Monday, January 27, 2014

Bravely Default - the second coming of Final Fantasy

Way back when Square merged with Enix, the two companies decided that Enix's Dragon Quest would continue in the world of medieval fantasy RPGs while Square's Final Fantasy would venture out into new, futuristic worlds.

The resulting Final Fantasies - notably XII and XIII - won over a great number of players and earned piles of critical accolades, but many of the Squaresoft faithful longed for a return to a world where guns and spaceships took a backseat to dungeons and adventures.

That return of that world is nigh, thankfully, and it's coming through the 3DS-exclusive Bravely Default.

It might seem a bit odd that "Final Fantasy" was left out of the title, but Bravely Default was never designed to be a proper Final Fantasy title.  Instead, it's a spiritual successor to a spinoff - which grants it the freedom to do whatever the hell it wants to do.

With this freedom in place, Bravely Default goes out of its way to capture the old-school Final Fantasy's lightning in a bottle (no, not that one...) - the flexible job system (from Final Fantasies III, V, and XI) makes a triumphant return in Bravely Default and turn-based battles with random encounters abound. The end results are gloriously retro in all the right ways.

Still, it's difficult to say why Bravely Default was made in the first place... and harder still to ascertain why Square Enix kept "Final Fantasy" out of its title.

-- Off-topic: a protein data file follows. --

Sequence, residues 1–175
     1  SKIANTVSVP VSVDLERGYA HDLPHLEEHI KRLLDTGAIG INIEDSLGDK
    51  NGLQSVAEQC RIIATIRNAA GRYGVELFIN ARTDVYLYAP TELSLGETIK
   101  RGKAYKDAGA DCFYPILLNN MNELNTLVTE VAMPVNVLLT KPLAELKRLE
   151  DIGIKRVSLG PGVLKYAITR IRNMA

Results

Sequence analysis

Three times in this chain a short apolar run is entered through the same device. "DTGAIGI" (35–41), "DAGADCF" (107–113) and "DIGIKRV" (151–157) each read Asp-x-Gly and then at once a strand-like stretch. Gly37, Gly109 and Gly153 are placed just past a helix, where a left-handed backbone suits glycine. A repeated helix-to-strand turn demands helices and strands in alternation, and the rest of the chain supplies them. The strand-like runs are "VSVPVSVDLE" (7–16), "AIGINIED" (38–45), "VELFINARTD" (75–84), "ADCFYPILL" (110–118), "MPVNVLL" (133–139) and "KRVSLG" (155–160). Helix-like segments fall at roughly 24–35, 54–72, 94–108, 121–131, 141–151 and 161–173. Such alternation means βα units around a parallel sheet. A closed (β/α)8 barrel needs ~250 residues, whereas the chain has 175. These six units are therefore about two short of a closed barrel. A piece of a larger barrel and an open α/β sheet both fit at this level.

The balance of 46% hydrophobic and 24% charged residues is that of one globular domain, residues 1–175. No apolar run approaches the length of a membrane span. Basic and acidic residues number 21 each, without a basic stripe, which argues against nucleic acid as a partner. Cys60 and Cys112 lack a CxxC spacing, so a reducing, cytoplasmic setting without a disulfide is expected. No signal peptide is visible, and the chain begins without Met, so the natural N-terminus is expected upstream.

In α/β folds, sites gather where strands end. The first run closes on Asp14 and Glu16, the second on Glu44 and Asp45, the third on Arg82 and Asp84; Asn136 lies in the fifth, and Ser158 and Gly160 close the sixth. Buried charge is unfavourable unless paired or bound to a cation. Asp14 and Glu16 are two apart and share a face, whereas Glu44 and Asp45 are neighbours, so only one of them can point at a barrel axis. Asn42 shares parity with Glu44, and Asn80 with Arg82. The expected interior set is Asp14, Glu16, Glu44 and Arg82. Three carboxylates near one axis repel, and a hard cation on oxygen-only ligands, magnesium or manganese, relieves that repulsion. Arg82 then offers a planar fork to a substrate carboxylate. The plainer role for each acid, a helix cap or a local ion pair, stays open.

Cynics would argue - perhaps correctly - that Square Enix was testing the waters for a return to this old school style of gameplay to see if it was a market worth developing games for.  The fact that Bravely Default was updated in Japan with a title of "For the Sequel" lends some credence to this, but I - forever the optimist - like to think that there are those at Square Enix who long for a simpler sort of game.

The Final Fantasy XIII saga of games are all beautiful and innovative in their own ways, but they're also a bit too high concept for many Final Fantasy fans to really sink their teeth into... and not just because they turned Shiva into a motorcycle.  Underneath the deep storylines and gorgeous visuals, it felt like Square Enix lost touch with a lot of the fantasy elements that helped the Final Fantasy series become so precious to so many people over the years.

Bravely Default fixes this dissatisfaction with plenty of callbacks to the old Final Fantasy world - all while delivering some enticingly novel gameplay innovations.

Think you can quickly paste a random encounter in Bravely Default?  If so, you can borrow turns against the future of the battle and blow them all in one glorious frenzy of attacks and spells.  If you guess incorrectly, however, you're left unable to act for the same number of turns while the enemy whomps on you.  

Conversely, if you know you're in for pain down the road in a battle, you can store turns and go on the defensive - using them whenever you need a bit more 'oomph' (or Curagas...) to help turn the tide of a battle.

Add to the mix full-voice acting, the ability to freely alter the frequency of random encounters, and an optional auto-battle setting to help make the routine grind of backtracking more palatable, and there's a ton of new features to like in Bravely Default.

But all this stands alongside the old, classic spirit that made Final Fantasy a thing back in the 80's and 90's.  White Mages rub shoulders with Knights, Red Mages, and Dragoons Valkyries, you resurrect K.O.'d companions with Phoenix Downs and heal them with Hi-Potions, and - perhaps most importantly - Bravely Default's story can be summed up in a gloriously familiar sentence, "Four young heroes need to protect a crystal and save the world."

Also, it has boss themes like this.  What more could you want from a game?

Bravely Default is out now in Europe, and will be released in North America on February 7.